What’s in it for me?
I’m not usually an eavesdropper, but the conversation on the subway got my attention.
“Pleeeeeeeeeeeeeease?” the girl was saying as she gave her two college-age friends her most winning smile.
She needed a heavy piece of furniture moved. And soon. Would they be willing to help?
“I don’t know,” said the guy with the baseball cap. He made eye contact with the other guy, then asked, “What’s in it for us?”
I knew he was probably teasing her—and that they would end up helping her out. But his joking question stuck with me. I wondered: Is it just human nature to be calculating and self-interested? Is it natural to think of ourselves before we think of others?
Speaking for myself, I don’t think that a “What’s in it for me?” attitude necessarily has to do with a lack of generosity. Call it a survival instinct that I’m not always even conscious is operating. But when I step back and look at my thought process, I can see how sometimes—even in a split-second of decision-making—issues of time, money, effort, even a fear that I’m being taken advantage of, all come into play.
Ever since that conversation on the subway, though, I’ve been inspired to pray not just to express more selflessness, but to embody more Christliness. For me at least, selflessness is a quality I embrace and aspire to; but it’s not always sufficient. In fact, it can feel a lot like human effort—with all the ego that can inadvertently go along with that. By contrast, Christliness allows me to put God first—to feel the power that comes from knowing I’m not an independent actor, but that my thoughts and actions are actually an expression of divine Love itself.
My prayers led me to an unexpected place—to a Bible story that I’ve read dozens of times since I first learned it in Sunday School. In this New Testament tale in the book of John, Jesus has been doing God’s work in the outskirts of town, and his healings have impelled a multitude of people to follow him. The problem is, it’s growing late, and the only food on hand is one “lad’s” five barley loaves and two small fishes. The part of this story that I’ve always focused on in the past is the dramatic conclusion: With this small amount of food, Jesus feeds the thousands. 1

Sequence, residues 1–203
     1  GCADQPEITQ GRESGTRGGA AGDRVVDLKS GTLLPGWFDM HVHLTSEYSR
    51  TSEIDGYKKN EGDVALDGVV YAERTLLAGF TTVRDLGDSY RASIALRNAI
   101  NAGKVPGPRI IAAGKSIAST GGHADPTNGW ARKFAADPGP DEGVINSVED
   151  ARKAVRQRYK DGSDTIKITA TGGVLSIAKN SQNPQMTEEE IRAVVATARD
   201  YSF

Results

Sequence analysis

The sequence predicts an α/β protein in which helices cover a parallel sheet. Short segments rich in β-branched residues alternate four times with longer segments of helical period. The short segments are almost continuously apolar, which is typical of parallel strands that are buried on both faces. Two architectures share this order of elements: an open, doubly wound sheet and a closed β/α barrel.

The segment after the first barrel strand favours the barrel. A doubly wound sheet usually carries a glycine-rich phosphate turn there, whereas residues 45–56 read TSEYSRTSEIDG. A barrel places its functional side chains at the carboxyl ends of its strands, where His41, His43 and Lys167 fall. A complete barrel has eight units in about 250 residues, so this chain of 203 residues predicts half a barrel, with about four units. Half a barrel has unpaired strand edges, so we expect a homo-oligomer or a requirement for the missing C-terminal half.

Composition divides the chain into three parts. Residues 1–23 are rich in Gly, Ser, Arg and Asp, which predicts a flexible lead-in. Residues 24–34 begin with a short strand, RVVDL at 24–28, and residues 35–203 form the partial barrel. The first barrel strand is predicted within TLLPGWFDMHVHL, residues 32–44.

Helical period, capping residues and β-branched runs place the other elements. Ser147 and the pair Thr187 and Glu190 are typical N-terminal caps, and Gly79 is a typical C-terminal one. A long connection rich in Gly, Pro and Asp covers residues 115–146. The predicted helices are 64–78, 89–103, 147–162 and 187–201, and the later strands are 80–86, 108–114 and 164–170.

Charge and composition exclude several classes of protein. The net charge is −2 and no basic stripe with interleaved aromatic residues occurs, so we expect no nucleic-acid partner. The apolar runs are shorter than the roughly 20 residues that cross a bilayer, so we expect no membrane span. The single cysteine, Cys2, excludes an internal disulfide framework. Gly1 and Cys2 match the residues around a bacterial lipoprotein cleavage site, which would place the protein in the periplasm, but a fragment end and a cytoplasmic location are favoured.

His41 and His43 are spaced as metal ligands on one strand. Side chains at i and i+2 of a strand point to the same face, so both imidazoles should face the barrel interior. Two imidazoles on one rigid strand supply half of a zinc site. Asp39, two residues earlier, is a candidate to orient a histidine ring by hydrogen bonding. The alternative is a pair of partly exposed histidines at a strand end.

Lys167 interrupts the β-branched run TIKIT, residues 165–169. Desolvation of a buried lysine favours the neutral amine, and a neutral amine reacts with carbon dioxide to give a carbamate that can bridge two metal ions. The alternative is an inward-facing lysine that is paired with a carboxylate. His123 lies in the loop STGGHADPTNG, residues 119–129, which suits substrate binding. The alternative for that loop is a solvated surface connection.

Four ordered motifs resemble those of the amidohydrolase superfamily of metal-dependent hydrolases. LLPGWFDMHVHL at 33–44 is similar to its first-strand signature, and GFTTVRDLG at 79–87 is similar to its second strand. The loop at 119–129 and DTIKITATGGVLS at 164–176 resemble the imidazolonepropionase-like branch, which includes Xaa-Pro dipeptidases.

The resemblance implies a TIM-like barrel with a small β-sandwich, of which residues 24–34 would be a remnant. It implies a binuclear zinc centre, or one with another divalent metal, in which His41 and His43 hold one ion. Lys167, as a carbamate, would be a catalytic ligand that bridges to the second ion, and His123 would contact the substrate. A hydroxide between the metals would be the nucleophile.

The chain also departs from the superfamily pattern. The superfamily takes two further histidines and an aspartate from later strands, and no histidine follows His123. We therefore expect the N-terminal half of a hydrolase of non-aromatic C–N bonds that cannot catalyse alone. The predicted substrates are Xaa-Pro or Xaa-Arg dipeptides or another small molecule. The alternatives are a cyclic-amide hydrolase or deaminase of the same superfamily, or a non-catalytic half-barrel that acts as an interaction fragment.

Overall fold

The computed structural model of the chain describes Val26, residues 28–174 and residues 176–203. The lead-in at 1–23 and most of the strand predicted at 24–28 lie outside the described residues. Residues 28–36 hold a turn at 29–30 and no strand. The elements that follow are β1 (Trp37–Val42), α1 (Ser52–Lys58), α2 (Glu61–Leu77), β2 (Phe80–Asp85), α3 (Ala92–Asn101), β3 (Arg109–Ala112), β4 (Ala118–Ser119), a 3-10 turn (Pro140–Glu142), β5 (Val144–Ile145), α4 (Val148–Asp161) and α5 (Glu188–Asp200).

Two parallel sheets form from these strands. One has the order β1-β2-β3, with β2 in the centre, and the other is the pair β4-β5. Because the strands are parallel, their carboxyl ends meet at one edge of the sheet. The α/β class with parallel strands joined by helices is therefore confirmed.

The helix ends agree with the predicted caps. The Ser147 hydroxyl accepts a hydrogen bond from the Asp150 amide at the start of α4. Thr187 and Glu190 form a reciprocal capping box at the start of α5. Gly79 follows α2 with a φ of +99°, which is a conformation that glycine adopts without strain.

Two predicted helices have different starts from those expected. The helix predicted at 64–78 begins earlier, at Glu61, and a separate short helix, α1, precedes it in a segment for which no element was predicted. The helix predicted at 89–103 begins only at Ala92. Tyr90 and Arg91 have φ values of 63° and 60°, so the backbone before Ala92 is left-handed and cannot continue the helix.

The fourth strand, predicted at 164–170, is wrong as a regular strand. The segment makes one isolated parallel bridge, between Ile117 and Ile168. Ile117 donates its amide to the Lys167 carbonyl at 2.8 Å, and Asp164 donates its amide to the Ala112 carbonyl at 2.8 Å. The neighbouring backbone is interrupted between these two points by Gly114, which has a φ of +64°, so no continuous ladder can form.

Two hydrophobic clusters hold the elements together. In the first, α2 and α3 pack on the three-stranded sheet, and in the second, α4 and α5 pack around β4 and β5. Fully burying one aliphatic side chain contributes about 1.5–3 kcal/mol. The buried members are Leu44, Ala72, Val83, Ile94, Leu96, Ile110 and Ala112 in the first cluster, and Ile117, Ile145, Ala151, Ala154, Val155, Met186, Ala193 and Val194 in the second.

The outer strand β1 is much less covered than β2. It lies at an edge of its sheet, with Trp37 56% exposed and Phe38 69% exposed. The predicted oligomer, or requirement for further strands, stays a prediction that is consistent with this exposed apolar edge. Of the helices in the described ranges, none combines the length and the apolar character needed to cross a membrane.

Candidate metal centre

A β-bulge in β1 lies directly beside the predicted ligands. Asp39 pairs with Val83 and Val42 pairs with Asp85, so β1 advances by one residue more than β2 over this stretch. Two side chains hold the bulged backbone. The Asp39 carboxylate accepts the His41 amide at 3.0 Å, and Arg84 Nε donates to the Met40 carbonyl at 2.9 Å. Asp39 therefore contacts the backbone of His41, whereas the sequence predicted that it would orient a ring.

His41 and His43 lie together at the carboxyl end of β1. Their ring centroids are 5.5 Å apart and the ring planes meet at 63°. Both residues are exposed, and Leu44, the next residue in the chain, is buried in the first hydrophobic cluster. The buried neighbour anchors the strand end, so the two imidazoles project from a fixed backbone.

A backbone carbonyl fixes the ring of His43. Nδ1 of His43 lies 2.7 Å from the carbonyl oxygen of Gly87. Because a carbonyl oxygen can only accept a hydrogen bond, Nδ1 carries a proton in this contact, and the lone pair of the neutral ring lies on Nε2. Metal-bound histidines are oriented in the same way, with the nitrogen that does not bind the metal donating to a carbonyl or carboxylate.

This time, though, my prayers got me to stop on that lad with the loaves and fishes. It occurred to me that he had every right to be asking that question: “What’s in it for me?” Were those loaves and fishes his food for a week? Did he have a family to share them with? Even the disciples were skeptical: “What are they among so many?”
Given the probable downside to sharing, what was it that impelled that boy to hand over his provisions? I felt like my prayers were showing me that being in the presence of Christliness as he was—or acknowledging our own Christlike nature, as we can—is what removes barriers to unselfed love and radical generosity and healing. The power of that Christliness is unstoppable and all-encompassing. Just witness what happened when the lad yielded to it: More than five thousand people were blessed, and so was he.
Mary Baker Eddy described Christ as “the divine nature, the godliness which animated [Jesus].” 2 That moment on the subway has been a welcome reminder that each of us possesses that divine nature and expresses that godliness. Which means that the most natural thing in the world actually isn’t to say, “What’s in it for me?” Instead, with hearts and minds aligned with God, we’re always in the perfect position to listen for inspired solutions and then act on them—freely.
Topics: Friendship, Social activism | Tags: Christliness, courage, Helping Others, self-centeredness, selfishness, selflessness, sharing